In addition to a great Q4, I’m equally excited to announce the appointment of Gary Steele of Visionary Technology executive and founding CEO of Proofpoint as the next CEO of Splunk effective April 11. Gary has over 30 years of experience and a track record of successfully scaling SaaS operations and growing multi-billion dollar global enterprises. Over the past two decades, he has led Proofpoint’s growth from an early stage start-up to leading security-as-a-service provider to some of the world’s best known organizations. Gary’s software and cybersecurity expertise, deep understanding of recurring revenue models, operational focus and unwavering commitment to driving innovation and customer success will be invaluable to Splunk on our path to $5 billion and beyond. I know I speak for the whole Board, when I say how much we are looking forward to working with Gary, and how excited we are to have him on the team.

In addition to this leadership update, we’re also announcing that, our President and Chief Growth Officer, Teresa Carlson will be leaving Splunk later this quarter to pursue other career opportunities. Teresa has made many important improvements to both go-to-market strategy and operations during her time at Splunk. I’d like to personally thank Teresa for her contributions and wish her the very best for the future.

Moving to our customer success, we had some exciting new expansion and renewal transactions during the fourth quarter, including Fred Loya Insurance. A new Splunk customer and one of the largest Hispanic owned and operated companies in the U.S., who purchased Splunk Cloud with workload pricing to further safeguard its customers’ data and automate security initiatives. Box, a provider of cloud content services expanded their commitment to Splunk Cloud platform, while also adding Splunk application performance monitoring from our observability product group.

One of the leading online travel platforms is migrating from Splunk Enterprise to Splunk Cloud platform with workload pricing, allowing them to expand their application development, reduce costly downtime, drive timely new product releases and ensure optimal customer experiences as travelers to discover and book hotels, flights and more.

The National Health Service in the U.K. expanded their use of Splunk Enterprise, Enterprise Security and ITSI across their cloud environment, and are now using Splunk for synthetic monitoring, to provide richer insights into the end-user experience for U.K. citizens accessing NHS digital apps. And finally one of Japan’s largest auto manufacturers expanded its use of the Splunk Enterprise platform to speed up problem detection and decrease impact, investigation and isolation times from hours to minutes, boosting efficiency by more than 90%.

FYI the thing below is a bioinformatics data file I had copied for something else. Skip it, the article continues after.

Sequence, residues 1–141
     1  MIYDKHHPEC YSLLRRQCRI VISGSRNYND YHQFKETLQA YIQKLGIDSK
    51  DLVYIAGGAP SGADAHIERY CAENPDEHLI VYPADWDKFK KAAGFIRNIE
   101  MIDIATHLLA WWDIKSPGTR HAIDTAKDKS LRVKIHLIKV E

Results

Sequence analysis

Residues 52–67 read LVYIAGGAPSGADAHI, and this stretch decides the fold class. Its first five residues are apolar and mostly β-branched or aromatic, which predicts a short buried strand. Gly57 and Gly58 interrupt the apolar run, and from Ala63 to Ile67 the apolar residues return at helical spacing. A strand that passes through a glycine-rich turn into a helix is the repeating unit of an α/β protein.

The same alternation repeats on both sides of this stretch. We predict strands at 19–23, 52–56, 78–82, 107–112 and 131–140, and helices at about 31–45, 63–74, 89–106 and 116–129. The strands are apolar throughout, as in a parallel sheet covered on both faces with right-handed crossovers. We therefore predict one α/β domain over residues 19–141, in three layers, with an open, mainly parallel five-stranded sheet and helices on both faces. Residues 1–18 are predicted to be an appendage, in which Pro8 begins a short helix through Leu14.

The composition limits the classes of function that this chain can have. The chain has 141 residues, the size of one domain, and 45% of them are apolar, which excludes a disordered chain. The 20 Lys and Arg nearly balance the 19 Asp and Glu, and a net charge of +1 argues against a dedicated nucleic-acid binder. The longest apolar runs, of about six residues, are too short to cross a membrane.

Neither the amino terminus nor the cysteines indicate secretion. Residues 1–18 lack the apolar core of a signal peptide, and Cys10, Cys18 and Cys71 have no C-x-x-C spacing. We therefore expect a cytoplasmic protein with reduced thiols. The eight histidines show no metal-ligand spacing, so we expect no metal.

Turning to our cloud business transformation. We are very pleased with our execution and progress in fiscal ’22. Cloud represented 62% of our total software bookings compared with 50% in FY ’21 and 35% in FY ’20. We continue to make progress on improving cloud gross margin and our workload pricing model has gained significant traction since its launch. In Q4, nearly all of our new cloud business was based on workload pricing, and at the end of the quarter, more than 40% of total cloud ARR was based on this model. We’ve also done a great job, renewing and expanding 1,000s of Splunk customers during the year.

Moving on to financials. As you know, there are two factors that significantly affect our revenue bookings growth. The percentage of bookings from cloud and average term contract duration, both of which are driven by customer choice. For FY ’23, we anticipate our cloud bookings percentage will approach 70% for the full year. And we believe that average term contract duration has stabilized in the range of 18 to 24 months. Because of the year-over-year changes for FY ’23, will be less than the year-over-year changes for FY ’22, the result would be a significant normalization of our financials. Jason will provide more details later.

We’re also making some changes to how we provide guidance going forward. We’ve heard from many of you that while ARR has been a useful operational metric during our business transformation, it’s a point in time measure, that’s difficult to reconcile with revenue. Now that our revenue growth is normalizing and is close to ARR growth, we’ve decided to provide only annual guidance for this metric, although, we will report the ARR numbers for each quarter retrospectively. We will also update our annual ARR guidance if and when appropriate. It’s our expectation that by the end of fiscal ’23, we will be able to dispense with ARR as a reported metrics.